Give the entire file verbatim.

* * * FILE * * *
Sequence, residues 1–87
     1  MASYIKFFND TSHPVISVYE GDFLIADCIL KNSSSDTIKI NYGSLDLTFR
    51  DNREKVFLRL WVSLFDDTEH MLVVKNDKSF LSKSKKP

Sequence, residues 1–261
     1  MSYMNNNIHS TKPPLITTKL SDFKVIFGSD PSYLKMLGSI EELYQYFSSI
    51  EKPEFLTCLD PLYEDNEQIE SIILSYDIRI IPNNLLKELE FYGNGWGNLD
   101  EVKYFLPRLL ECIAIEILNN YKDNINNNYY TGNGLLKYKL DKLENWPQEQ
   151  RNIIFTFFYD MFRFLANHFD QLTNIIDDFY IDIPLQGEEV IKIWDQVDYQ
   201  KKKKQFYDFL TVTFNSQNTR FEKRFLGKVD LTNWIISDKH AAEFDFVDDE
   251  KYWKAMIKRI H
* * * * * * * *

Sequence, residues 1–87
     1  MASYIKFFND TSHPVISVYE GDFLIADCIL KNSSSDTIKI NYGSLDLTFR
    51  DNREKVFLRL WVSLFDDTEH MLVVKNDKSF LSKSKKP

Sequence, residues 1–261
     1  MSYMNNNIHS TKPPLITTKL SDFKVIFGSD PSYLKMLGSI EELYQYFSSI
    51  EKPEFLTCLD PLYEDNEQIE SIILSYDIRI IPNNLLKELE FYGNGWGNLD
   101  EVKYFLPRLL ECIAIEILNN YKDNINNNYY TGNGLLKYKL DKLENWPQEQ
   151  RNIIFTFFYD MFRFLANHFD QLTNIIDDFY IDIPLQGEEV IKIWDQVDYQ
   201  KKKKQFYDFL TVTFNSQNTR FEKRFLGKVD LTNWIISDKH AAEFDFVDDE
   251  KYWKAMIKRI H